The birthers are back, and now it’s a Texas Senator who happens to have been born in Calgary, Alberta who’s in their sights. Alberta happens to be in Canada, of course, and even for some commentators on the right, who may not want Ted Cruz to be the nominee of the Republican Party, the birther issue is being used again as a weapon. Of course, there are also those on the left who have said they will launch legal challenges against Cruz as well. And Trump is also playing with the weapon, fondling the handle even as he keeps it in his holster. For now.

The Constitution uses the wording natural-born citizen as its stated requirement for eligibility for the offices of President and Vice President. And no, the Supreme Court has not ruled on what exactly is meant by those three words. Mainly because it has seen no reason to do so, as Senator Ted Cruz has had to clearly explain recently.

It seems that natural-born means born in the United States; or born abroad to one or more US parent. That is, someone entitled to US citizenship at birth. Which Ted Cruz qualifies for, by that opinion and that interpretation.

Will Florida Democrat Alan Grayson actually follow through with a legal challenge? And more importantly, will such a challenge go beyond the lower courts, rather than wither and die under the weight of settled law? Because if it does prosper somehow, there are a few legal minds – like UCLA professor Chin – chomping at the bit to show in court that Senator McCain, for example, having apparently received his US citizenship about a year after his birth by right of a Congressional grant of citizenship in 1937, is not a natural-born citizen. As a means of chastising Congress for bad policy more than anything else.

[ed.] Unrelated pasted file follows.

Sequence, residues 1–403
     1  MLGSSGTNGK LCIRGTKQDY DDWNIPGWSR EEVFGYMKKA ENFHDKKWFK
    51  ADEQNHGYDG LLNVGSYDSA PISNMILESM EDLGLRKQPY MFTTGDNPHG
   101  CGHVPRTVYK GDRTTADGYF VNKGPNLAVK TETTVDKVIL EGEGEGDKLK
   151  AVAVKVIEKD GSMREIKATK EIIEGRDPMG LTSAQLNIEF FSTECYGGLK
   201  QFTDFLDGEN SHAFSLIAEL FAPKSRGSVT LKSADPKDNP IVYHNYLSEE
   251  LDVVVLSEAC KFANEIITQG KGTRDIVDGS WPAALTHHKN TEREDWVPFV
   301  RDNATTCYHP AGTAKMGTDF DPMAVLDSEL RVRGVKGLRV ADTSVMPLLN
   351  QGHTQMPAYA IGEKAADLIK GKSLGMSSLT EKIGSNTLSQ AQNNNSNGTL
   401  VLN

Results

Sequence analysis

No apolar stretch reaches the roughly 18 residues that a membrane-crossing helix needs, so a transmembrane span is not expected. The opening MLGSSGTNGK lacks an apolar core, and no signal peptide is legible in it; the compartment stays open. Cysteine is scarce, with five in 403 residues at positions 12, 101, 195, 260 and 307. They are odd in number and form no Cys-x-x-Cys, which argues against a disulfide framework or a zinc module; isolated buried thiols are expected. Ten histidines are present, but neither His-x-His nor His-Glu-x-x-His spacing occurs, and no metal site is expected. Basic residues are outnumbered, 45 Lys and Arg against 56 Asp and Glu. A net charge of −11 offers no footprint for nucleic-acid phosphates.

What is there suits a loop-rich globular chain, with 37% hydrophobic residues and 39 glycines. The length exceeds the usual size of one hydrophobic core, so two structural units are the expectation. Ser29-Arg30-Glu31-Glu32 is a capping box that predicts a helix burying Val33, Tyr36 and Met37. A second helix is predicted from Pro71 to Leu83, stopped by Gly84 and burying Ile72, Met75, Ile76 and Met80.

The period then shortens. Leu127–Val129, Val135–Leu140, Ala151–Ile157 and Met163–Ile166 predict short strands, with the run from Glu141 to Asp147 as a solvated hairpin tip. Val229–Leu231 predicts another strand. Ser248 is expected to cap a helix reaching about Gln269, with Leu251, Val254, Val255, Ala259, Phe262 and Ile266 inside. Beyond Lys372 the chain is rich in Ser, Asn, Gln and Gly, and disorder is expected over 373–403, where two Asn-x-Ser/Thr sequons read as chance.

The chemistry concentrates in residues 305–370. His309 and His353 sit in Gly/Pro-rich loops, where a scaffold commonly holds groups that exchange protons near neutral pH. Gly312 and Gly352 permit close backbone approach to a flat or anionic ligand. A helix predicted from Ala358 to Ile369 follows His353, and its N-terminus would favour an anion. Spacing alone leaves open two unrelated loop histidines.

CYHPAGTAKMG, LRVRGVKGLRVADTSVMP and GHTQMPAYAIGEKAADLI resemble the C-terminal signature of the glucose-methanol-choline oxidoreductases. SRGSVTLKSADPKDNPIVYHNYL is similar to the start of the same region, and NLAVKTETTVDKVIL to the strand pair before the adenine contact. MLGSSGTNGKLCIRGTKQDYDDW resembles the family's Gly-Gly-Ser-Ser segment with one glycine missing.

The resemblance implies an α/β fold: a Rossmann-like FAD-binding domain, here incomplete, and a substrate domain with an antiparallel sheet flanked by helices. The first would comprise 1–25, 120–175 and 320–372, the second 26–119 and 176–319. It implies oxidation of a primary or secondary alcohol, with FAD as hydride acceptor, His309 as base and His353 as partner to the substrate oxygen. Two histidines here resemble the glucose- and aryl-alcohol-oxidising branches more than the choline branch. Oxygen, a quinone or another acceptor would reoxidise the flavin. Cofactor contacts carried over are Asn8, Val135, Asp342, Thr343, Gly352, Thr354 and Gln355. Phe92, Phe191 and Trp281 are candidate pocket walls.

Legally, and almost certainly, constitutionally, so-called birthers will have a hard time denying Ted Cruz’s eligibility for president. But will they be able to damage his reputation despite that fact? Will suspicions be somehow sown about the geniuses of Senator Cruz’s nativeness? Or will it be so much silly talk?

Perhaps the Supreme Court should rule on the issue once and for all, but their leaving it to the lower courts seems to suggest they’ve long ago made up their collective minds on the issue.